I am yet another Anglo/Irish south London ex-plumber who came into comedy via a career in Human Resources.

I had the usual childhood, poor but happy, space-hoppers, flared trousers, good education accompanied by random violence at a Catholic Grammar School etc

Then after a short spell as a Fire Brigade clerk, followed by a shorter spell as a plumber, I went to Reading University to study archaeology, but was required to leave after one term because I fell in love and lost my trowel.

That was followed by 7 years in the Personnel Department of the London Ambulance Service, where I rose to the quite dizzy heights of Principal Administrative Assistant specialising in recruitment and industrial relations (I had staff and everything and one of the Union Convenors I had to deal with was one Jeremy Corbyn).

It was during that time I was dared into doing my first ever open-spot at the old Meccano Club in Camden. I was dared into it because a gang of us would go the Banana Cabaret in Balham every week and I was particularly scathing about paying money to not laugh at middle class comedians talking about the squat they had once visited. My friends thought an open spot would shut me up. It didn’t.

It went well enough to be asked back to do another open spot and then another and suddenly I was really enjoying the attention.

“I am now back standing up as much as ever before with recent gigs in 2016 including me becoming the first ever comedian to play at a show in the Tower of London.”

However it genuinely didn’t occur to me that a working class lad with no drama school experience could actually do comedy for a living. Then I met the wonderful Bob Boyton, comedian and bi-sexual Trotskyist care worker, who convinced me I was wrong. By the way, the chip on my shoulder is much smaller now but still occasionally pops up to say hello.

That was in 1986. In 1988 I had left the LAS and was performing comedy full time and by 1989 Time Out was describing Mark Thomas and I as “the third wave of alternative comedy”. By 1990 I was compering the Comedy Store every other weekend.

Mark Thomas and I started the circuit within two weeks of each other and went on to devise and perform the award winning ‘Loose Talk’ for Radio 1 (produced by Armando Ianucci) as well as performing a sell out tour together and being founder members of country’s first ever weekly live topical show ‘The Cutting Edge’ at The Comedy Store. “Best of all were two cheeky faced scene stealers” The Times… ”Day looks meek but don’t be fooled, his comedy is stern and searching stuff” Time Out.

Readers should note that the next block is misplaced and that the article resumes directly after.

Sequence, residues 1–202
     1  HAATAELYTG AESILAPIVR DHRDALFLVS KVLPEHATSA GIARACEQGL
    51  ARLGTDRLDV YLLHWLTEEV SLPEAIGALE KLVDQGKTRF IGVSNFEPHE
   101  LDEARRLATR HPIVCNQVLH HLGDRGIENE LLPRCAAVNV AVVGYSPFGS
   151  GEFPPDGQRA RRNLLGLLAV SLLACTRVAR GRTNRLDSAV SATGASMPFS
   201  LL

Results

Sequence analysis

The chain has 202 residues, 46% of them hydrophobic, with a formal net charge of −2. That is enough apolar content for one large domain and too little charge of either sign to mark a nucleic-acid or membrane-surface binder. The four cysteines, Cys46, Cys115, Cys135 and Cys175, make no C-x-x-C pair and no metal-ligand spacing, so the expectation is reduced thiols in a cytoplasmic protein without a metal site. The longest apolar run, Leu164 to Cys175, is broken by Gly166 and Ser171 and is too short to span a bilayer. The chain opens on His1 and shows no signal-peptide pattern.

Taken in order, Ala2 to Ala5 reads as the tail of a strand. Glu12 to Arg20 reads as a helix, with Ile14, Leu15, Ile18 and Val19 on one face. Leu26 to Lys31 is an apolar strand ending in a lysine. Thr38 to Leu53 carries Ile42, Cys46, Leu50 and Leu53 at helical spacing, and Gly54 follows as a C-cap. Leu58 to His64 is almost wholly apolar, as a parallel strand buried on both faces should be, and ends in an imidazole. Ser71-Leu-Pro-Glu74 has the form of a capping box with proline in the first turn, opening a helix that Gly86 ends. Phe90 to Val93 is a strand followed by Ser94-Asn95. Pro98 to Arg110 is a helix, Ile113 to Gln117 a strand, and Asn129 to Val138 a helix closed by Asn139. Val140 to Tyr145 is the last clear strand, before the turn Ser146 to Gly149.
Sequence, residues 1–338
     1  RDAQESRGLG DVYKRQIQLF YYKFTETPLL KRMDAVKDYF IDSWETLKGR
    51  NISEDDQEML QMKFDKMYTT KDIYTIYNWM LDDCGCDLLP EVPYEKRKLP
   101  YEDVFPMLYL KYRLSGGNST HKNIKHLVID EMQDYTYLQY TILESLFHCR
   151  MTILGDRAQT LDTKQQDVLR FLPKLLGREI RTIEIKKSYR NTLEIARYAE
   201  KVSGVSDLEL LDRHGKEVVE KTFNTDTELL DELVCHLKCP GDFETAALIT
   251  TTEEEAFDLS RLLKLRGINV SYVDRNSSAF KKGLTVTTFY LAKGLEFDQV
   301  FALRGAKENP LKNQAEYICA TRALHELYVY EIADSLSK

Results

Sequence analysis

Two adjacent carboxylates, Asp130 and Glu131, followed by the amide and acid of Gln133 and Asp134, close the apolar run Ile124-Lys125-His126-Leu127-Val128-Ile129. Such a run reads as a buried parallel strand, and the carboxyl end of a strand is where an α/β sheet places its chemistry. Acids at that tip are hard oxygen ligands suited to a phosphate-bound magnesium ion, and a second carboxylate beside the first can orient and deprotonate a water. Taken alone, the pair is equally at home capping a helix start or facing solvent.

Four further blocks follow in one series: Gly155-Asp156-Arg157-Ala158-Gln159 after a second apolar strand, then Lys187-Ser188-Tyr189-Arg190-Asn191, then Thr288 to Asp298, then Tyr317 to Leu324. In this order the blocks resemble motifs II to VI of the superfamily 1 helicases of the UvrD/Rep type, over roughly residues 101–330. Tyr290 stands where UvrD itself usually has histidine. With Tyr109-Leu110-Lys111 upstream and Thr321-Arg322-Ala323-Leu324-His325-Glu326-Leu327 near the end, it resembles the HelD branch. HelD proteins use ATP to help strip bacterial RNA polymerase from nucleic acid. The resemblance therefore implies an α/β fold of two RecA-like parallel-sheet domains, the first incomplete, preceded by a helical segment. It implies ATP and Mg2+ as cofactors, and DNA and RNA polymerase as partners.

I think I’m a good comedian, but for me Mark Thomas is the best this country has produced in recent years, so it was wonderful that he and I had our first big TV exposure together in 1993, when we became the regular comedians and writers for Channel 4’s ill fated but brilliant live show ‘Saturday Zoo’ hosted by Jonathan Ross. An experience that saw me write sketches for Christopher Walken & Steve Coogan and appear live with a pantomine horse that had forgotten to put its horse costume on. It was also an experience that left me needing a long lie down.

After establishing myself on the circuit and around the country (and becoming the first ever British stand-up to perform at a comedy show in Mumbai in 1989) it was time for Edinburgh.

My first ever fringe experience was being the support act in a gymnasium for a Danish lesbian comedy act, who left after two nights because one them got pregnant. It was the perfect introduction to a festival I absolutely adore.

I did a couple of shared shows with people like Nick Hancock, Michael Redmond, Jo Brand and John Moloney and then between 1991 and 1996 did six full length solo shows. “Give thanks for his continued excellence” The Scotsman ***** 1994

One in particularly got a lot of attention: ‘I Was A Teenage Racist’ was my show at the Assembly Rooms in 1993 and I’m still being asked about it now. It won me the Time Out Comedy Award that year, although I’m just as proud of an article in the Scotsman the following year asking why I hadn’t been nominated for a Perrier Award for any of my Edinburgh shows (I occasionally wake up asking myself the same question).

Then, for very many reasons I didn’t take another full length show to Edinburgh until 2014 when I returned with ‘Standy-Uppy’ and then ‘Hairline’, both of which were really well received.